Never Cry Wolf
Unless You Have Evidence
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Common Man Institute, in cooperation with Abundant Wildlife Society of North America, has done extensive research on wolves and their history for several years. We have gathered evidence on wolf attacks which occurred in North America.
A forester employed by the Province of British Colombia was checking some timber for possible harvest in the 1980s. He was met by a small pack of three wolves. The forester yelled at the wolves to frighten them away. Instead, the wolves came towards him in a threatening manner and he was forced to retreat and climb a nearby tree for safety. The wolves remained at the base of the tree. The forester had a portable radio, but was unable to contact his base, due to distance, until evening. When the call for help came in, two Conservation Officers with the Ministry of Environment were flown to the area by floatplane to rescue the treed forester.
When the Conservation Officers arrived, the forester was still in the tree and one wolf, the apparent leader of the pack, was still at the base of the tree. The officers, armed with shotguns, shot at the wolf and missed. The wolf ran for cover and then started circling and howling near the two officers. After a couple missed shots, the wolf was finally shot and killed.
The wolf tested negative for rabies. It appeared healthy in every respect, but was very lean. The Conservation Officers felt the attack was caused by hunger. (Taped Interviews and a photo of the wolf on file at Abundant Wildlife Society of North America.)
This is but one example from British Colombia. Wolves overran Vancouver Island in the 1980s. Attacks became so common that articles were published in Canadian magazines documenting such attacks. (Copies available upon request.)
Wolf Attacks on humans have occurred in national parks, too. In August 1987, a sixteen-year-old girl was bitten by a wild wolf in Algonquin Provincial Park in Ontario. The girl was camping in the park with a youth group and shined a flashlight at the wolf. The wolf reacted to the light by biting the girl on the arm. That bite was not hard and due to the thick sweater and sweatshirt the girl was wearing, she sustained two scratch marks on her arm. The wolf was shot by Natural Resources personnel and tested negative for rabies. (Interview with Ron Tozer, Park Naturalist for Algonquin Provincial Park, 7/25/88.)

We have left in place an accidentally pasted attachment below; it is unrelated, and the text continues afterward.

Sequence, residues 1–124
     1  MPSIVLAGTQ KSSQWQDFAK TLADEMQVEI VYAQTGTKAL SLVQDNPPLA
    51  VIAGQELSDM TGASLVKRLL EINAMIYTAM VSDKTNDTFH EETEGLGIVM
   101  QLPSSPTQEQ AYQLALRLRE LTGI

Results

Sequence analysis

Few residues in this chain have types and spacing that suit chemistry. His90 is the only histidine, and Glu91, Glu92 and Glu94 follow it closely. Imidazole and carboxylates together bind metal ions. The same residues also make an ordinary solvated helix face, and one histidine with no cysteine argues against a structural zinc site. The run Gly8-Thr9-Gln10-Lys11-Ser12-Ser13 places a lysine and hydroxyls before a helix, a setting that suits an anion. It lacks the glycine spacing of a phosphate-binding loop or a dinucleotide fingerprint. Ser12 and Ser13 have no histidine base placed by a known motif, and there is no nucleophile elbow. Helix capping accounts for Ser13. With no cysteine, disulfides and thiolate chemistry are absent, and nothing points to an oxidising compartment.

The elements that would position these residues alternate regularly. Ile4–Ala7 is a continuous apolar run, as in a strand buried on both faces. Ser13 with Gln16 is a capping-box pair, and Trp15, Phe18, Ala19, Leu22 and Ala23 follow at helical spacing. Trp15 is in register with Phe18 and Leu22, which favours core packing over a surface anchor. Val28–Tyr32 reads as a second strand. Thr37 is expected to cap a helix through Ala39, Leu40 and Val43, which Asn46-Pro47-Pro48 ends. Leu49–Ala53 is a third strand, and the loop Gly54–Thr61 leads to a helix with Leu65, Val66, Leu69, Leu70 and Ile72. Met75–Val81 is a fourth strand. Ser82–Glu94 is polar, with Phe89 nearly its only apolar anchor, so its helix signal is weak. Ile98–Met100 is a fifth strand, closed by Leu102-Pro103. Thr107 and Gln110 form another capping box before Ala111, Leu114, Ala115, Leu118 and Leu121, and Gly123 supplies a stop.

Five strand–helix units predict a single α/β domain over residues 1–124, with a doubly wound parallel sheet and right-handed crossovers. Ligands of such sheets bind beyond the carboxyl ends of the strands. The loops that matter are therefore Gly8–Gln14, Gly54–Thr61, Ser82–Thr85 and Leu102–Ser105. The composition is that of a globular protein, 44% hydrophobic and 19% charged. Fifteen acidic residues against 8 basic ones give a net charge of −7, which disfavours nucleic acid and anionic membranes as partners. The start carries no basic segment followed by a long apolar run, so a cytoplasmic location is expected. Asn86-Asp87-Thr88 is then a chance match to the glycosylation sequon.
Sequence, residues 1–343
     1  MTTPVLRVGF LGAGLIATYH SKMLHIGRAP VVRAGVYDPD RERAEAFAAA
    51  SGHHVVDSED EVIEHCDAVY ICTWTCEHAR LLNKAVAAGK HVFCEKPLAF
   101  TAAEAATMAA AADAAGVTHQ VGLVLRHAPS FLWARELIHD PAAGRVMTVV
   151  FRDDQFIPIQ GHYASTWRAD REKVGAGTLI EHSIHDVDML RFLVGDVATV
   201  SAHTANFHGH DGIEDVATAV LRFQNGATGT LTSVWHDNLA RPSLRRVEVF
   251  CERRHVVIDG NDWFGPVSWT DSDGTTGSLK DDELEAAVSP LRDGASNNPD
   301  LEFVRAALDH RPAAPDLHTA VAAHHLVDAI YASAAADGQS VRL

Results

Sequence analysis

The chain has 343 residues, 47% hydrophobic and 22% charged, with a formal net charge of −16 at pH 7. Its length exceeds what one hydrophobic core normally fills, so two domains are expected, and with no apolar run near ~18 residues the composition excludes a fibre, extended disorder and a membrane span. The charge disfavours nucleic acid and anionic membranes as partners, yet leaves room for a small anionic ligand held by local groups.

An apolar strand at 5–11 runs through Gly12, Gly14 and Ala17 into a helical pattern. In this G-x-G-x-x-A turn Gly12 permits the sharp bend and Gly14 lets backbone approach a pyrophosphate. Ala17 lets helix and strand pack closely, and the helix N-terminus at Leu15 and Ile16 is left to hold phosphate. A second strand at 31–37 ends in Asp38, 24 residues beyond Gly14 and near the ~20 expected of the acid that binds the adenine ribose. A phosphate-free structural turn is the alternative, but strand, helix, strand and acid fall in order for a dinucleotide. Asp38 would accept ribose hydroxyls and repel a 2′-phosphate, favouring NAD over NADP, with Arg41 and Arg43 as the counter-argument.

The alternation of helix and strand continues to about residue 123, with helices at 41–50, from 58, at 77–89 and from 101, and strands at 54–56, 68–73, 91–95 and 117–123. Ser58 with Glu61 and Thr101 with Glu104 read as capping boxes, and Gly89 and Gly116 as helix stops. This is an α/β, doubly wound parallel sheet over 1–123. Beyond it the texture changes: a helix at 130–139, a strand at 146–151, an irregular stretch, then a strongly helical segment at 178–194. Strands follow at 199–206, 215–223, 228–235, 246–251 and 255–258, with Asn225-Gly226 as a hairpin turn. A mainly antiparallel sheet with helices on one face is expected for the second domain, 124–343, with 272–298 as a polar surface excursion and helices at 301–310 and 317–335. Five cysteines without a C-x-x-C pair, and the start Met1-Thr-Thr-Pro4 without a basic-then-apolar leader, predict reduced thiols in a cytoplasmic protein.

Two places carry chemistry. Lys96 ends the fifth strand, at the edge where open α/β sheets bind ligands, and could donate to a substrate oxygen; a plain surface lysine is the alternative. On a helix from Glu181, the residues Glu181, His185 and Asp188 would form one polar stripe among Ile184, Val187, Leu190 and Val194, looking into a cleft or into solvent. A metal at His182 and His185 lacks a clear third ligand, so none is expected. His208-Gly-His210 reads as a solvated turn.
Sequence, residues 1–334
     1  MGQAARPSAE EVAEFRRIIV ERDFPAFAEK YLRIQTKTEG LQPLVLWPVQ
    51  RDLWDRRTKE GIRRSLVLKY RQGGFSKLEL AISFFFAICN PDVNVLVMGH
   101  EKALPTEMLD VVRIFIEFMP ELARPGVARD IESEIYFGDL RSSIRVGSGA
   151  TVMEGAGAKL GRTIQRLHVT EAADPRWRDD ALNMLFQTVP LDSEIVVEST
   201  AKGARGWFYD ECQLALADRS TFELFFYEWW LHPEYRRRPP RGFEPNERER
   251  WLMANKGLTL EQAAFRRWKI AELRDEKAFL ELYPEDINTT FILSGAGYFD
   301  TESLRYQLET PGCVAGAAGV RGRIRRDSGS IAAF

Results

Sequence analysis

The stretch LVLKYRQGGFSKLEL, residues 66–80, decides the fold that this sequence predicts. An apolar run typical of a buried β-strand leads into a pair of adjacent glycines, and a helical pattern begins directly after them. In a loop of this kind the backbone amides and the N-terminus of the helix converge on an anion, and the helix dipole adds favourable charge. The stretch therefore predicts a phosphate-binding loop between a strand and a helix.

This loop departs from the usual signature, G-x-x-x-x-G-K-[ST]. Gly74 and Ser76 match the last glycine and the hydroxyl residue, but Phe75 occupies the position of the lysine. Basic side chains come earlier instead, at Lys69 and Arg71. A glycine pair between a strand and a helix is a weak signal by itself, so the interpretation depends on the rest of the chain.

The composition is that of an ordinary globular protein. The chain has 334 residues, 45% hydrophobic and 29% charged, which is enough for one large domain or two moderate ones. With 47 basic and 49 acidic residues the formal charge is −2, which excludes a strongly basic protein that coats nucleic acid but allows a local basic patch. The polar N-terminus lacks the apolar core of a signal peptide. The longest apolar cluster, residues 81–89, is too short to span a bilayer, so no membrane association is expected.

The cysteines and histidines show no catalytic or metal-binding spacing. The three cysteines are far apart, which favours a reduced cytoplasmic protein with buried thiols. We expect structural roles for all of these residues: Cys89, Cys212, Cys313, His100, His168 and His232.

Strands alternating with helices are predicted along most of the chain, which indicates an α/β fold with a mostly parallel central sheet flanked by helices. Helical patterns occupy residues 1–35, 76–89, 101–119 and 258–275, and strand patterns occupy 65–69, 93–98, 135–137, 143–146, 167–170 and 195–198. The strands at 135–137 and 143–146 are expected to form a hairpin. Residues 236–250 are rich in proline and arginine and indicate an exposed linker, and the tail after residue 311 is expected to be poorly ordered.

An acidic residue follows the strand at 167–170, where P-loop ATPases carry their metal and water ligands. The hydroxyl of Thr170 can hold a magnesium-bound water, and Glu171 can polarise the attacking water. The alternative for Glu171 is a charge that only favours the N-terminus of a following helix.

Well-known wolf biologist Dr. David Mech took issue with this attack stating it couldn't really be considered an authentic attack since the girl wasn't injured more severely. It was exactly nine years when such an attack would take place.
Algonquin Provincial Park is one of several areas where people are encouraged to "howl" at the wolves in hopes of a response from the wild wolves in the area. In August, 1996, the Delventhal family of Pittsburgh, Pennsylvania, were spending a nine-day family vacation in Algonquin and joined a group of Scouts in "howling" at the wolves. They were answered by the howl of a solitary wolf.
That night the Delventhals decided to sleep out under the stars. Young Zachariah was dreaming when he suddenly felt excruciating pain in his face. A lone wolf had bit him in the face and was dragging him from his sleeping bag. Zach screamed and Tracy, Zach's Mother, raced to his side and picked him up, saturating her thermal shirt with blood from Zach's wounds.
The wolf stood menacingly less than a yard away. Tracy yelled at her husband, Thom, who leapt from his sleeping bag and charged the wolf. The wolf retreated and then charged at Tracy and Zach. The charges were repeated. Finally the wolf left. Thom turned a flashlight on 11-year-old Zach and gasped "Oh, my God!" "The boy's face had been ripped open. His nose was crushed. Parts of his mouth and right cheek were torn and dangling. Blood gushed from puncture wounds below his eyes, and the lower part of his right ear was missing." Zach was taken to a hospital in Toronto where a plastic surgeon performed four hours of reconstructive surgery. Zach received more than 80 stitches in his face.
Canadian officials baited the Delventhals' campsite and captured and destroyed a 60-lb wild male wolf. No further attacks have occurred since. (Cook, Kathy; "Night of the Wolf" READER'S DIGEST, July 1997, pp. 114-119.)